How to Stop Hay Fever This Fall – 13 Natural Tips

How to Stop Hay Fever This Fall – 13 Natural Tips
General Health

Autumn is ragweed season, so stay tuned for red, itchy eyes and a runny nose. Up to 30% of people suffer from allergic rhinitis – you know, hay fever – and for people in the eastern U.S., it can be especially miserable. But if you know how to stop hay fever, you should be able to cruise through the season without a problem.

“The thing with ragweed is it’s just such a big pollen producer,” says Dr. Timothy Craig, an allergist and professor of medicine and pediatrics at Penn State University in Hershey, Pennsylvania. “That’s why it’s such an issue for people east of the Rocky Mountains.”

Up to a billion pollen grains can come from a single ragweed plant. The plants give off most of their allergens starting in mid-August and peaks in mid-September. If there’s a mild spring and a late frost, like the Northeast experienced this year, it can make hay fever season drag on even longer.

Fall molds that grow on wet leaves and decomposing plants are also a problem this time of year.

Failing to cope with hay fever can produce long-term complications. People who have allergic rhinitis tend to have more nasal polyps, ear infections, and sleep disorders, including snoring and sleep apnea. Additionally, untreated hay fever can result in mouth breathing, a dental overbite, and chronic swelling in the nasal passages. It also puts you at increased risk for asthma and other allergies. [1]

How to Stop Hay Fever

But you can avoid some of the triggers that plug up your nose and make your eyes water. Craig recently gave CBS News a few tips for how you can feel a little bit better this fall. Here are 6 tips on how to stop hay fever. [2]

1. Keep Your Car Windows Rolled Up

As good as it feels to let the crisp Autumn air blow through your hair while you’re driving, it collects an awful lot of pollen. So, keep the air conditioner on and the windows closed. “When you’re driving in the car, you’re just collecting lots of pollen, so that’s the worst thing you can do is drive with windows open,” says Craig.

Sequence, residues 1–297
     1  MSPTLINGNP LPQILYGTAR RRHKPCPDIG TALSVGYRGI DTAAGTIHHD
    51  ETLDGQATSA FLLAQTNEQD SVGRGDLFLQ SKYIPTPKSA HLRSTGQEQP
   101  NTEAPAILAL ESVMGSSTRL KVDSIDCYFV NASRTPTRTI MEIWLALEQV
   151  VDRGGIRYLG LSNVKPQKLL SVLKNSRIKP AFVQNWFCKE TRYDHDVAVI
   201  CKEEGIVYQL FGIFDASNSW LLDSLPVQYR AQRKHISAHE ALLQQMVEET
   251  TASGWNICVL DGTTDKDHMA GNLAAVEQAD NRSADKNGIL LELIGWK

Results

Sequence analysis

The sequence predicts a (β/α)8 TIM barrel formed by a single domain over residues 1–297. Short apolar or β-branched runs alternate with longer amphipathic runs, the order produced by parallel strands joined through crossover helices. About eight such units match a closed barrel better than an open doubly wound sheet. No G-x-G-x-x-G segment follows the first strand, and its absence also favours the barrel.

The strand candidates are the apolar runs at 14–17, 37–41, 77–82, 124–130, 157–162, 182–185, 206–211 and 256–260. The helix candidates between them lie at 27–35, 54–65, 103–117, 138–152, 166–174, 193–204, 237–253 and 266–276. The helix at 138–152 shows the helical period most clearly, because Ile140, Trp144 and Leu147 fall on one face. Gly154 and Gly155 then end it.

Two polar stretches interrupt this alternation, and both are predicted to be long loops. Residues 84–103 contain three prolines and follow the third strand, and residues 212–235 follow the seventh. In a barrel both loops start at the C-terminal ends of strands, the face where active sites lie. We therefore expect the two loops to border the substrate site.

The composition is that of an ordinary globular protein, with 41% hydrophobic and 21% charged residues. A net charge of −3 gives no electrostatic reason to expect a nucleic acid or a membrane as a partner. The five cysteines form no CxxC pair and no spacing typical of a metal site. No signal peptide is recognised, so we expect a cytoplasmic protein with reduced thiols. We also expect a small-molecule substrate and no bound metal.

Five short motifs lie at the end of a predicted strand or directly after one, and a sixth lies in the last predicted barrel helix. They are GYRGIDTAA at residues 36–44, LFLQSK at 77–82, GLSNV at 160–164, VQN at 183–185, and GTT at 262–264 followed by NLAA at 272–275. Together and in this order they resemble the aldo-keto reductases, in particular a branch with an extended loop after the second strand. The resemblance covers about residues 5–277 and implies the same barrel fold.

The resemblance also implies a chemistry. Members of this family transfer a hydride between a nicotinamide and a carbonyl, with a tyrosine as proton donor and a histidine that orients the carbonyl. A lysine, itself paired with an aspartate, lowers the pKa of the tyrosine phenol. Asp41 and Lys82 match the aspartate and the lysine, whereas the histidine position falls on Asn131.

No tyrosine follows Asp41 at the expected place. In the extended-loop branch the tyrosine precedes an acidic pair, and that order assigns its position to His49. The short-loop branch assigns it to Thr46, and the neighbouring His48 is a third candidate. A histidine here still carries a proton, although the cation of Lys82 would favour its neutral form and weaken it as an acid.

2. Watch the Weather…and the Mold and Pollen Counts

Flip on The Weather Channel to find out whether it might be a good idea to stay indoors on any particular day. Craig says that allergies are less severe on damp, wet days, when the moisture keeps pollen from floating around. “If it’s going to be a warm, windy, dry day which is sunny, that’s when you know that the ragweed’s going to be high,” he says.

3. Work out in the Morning

Early morning is reportedly often the best time to exercise outdoors because the wind usually hasn’t picked up yet.

4. Get Your Kids to Rake the Yard

It’s a pain anyway, so just don’t do it. That’s what your kids (or your spouse, or the kid down the street) are for. Raking leaves and mowing lawns are hazardous to allergy sufferers’ health.

5. De-Pollinate

allergies-ragweed-hay-fever-270Change your clothes and take a shower after being outdoors during ragweed season. If you don’t, you’ll wind up scattering it all over the house and bringing it into your bed with you.

6. Reach for Over-the-Counter Antihistamines Before it’s too Late

OTC antihistamines can help ease the symptoms of hay fever, but they work better if you take them before you start feeling sick. Of course we would first recommend to experiment with natural hay fever remedies – so here are 7 of them (click the link).

“When you preempt the season you do much better than if you wait until you’re already symptomatic,” Craig says. “So you can get an idea when to start the medications based on the year before, when the pollens started to be identified on pollen counters.”

7 More Tips on How to Stop Hay Fever

Need more on how to stop hay fever? Here are a few other tips to help you cope with (and hopefully prevent) hay fever:

  • 1. Perform a thorough spring cleaning of your house. It’s the perfect time to change those A/C filters and cleaning ducts and vents, so you won’t forget.
  • 2. Always bathe and wash hair before bedtime (whether you’ve been outdoors or not).
  • 3. Don’t hang clothes outside to dry.
  • 4. Wash bedsheets at least once a week in hot water.
  • 5. If you must do yard work, consider wearing a filter mask.
  • 6. Keep pets out of the bedroom and off of furniture, particularly if they’ve been outdoors.
  • 7. Check bathrooms and other damp areas regularly for mold and mildew, and remove mold immediately with non-toxic cleaners. [3]

Additional Sources:

[1] University of Maryland Medical Center

[2] CBS News

[3] MedicineNet